Italian American Landmarks: American Venice in Lindenhurst

This is the first in a series of posts chronicling historic landmarks with ties to the Italian American community on Long Island.

When you drive on West Montauk Highway in Lindenhurst, you might notice two tall pillars with lions on East and West Riviera drives. Those massive structures are the entrance to American Venice, a project that debuted in 1926 that ties Long Island to Venezia.

Real estate developers Victor Pisani and Isaac Meister designed waterways to mimic the canals and bridges of Venice, and the East and West bridges exist today nearly 100 years later.

At its inception, it was a classy and prominent placement. With limited real estate and no major traffic in the area, as you can see from the historic image below, the pillars and buildings that serve as an entrance to the Great South Bay look dashing and elegant. Today, a full residential neighborhood, along with boats in the canals and heavy traffic on Montauk Highway, make for a different vibe and existence. 

A century ago, you could find gondolas flitting about in the water. The north and south ends of the Grand Canal featured distinct landmarks like the gazebo named Rialto, after the oldest bridge in Venice.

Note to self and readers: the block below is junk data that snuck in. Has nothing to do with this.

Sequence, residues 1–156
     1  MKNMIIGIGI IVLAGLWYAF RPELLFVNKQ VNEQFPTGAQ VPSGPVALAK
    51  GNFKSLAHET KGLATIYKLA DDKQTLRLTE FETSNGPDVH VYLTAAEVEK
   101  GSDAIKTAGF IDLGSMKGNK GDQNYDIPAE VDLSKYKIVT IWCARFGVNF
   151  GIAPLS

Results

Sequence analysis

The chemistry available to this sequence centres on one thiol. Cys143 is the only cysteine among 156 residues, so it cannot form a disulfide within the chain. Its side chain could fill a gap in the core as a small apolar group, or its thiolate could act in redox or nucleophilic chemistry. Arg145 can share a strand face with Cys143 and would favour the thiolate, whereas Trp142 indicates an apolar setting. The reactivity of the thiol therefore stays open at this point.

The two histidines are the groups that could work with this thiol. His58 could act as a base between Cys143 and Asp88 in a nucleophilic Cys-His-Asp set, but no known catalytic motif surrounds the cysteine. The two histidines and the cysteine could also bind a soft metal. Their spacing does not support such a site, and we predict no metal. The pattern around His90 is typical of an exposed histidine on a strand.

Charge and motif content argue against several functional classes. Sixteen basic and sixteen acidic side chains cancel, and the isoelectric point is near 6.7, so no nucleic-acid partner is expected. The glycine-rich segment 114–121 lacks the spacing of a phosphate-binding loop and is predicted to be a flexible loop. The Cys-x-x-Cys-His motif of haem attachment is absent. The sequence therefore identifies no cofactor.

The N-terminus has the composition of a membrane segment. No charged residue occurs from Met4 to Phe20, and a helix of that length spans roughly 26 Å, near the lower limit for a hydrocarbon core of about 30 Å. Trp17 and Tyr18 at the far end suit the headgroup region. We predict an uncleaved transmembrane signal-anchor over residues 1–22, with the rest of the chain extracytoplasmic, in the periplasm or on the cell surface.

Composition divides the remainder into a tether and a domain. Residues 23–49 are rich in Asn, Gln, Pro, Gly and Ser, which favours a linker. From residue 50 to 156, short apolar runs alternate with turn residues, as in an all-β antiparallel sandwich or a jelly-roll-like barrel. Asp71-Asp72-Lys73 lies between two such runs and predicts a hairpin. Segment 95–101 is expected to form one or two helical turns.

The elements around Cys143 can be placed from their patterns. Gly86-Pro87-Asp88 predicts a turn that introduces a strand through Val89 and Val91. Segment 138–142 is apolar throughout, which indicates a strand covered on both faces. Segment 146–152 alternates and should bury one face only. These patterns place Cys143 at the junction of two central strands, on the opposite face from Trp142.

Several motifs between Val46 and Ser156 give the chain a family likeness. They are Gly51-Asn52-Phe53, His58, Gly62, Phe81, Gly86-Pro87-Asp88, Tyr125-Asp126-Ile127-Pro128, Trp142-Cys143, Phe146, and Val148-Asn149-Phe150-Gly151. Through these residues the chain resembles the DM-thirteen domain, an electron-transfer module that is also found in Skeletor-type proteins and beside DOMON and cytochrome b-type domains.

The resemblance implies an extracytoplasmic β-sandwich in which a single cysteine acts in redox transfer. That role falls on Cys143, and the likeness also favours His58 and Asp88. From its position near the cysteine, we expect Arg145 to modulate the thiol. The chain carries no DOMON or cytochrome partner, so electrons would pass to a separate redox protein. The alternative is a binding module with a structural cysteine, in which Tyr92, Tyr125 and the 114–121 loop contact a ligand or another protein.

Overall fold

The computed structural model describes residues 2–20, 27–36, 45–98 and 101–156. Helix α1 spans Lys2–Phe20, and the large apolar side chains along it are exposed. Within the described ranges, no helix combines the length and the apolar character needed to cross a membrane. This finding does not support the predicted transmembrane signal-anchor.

Though the bridge was damaged after Superstorm Sandy in 2012, it has been restored thanks to the work of the American Venice Civic Association, Preservation Long Island, and local politicians. The Lions have been revitalized and restored in recent years thanks to Angelo Costanza of Blue Marlin Boats, the business where the lion pillars sit at the entrance to American Venice. 

Lindenhurst may be a long way from Italy and vastly different than Venice – though they both suffer from flooding and high tides at various points of the year – but the developers who thought outside the box and connected Long Island to the City of Canals gave us a landmark for the ages.

If you have ideas for other Italian-specific landmarks on Long Island for us to explore, please email [email protected].

Words and modern photos by Chris R. Vaccaro, Executive Director of the Italian American Heritage Society of Long Island